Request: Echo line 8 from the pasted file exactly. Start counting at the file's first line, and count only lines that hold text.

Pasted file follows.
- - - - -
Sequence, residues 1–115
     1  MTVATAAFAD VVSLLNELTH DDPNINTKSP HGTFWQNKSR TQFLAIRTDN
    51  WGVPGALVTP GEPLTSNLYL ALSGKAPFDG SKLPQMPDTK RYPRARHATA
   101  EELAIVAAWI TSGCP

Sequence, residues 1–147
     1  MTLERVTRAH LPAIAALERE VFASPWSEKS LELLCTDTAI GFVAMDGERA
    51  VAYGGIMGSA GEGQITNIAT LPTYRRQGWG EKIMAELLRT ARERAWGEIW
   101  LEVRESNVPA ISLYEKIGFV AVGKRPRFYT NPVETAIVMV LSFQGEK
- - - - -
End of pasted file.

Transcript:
   101  LEVRESNVPA ISLYEKIGFV AVGKRPRFYT NPVETAIVMV LSFQGEK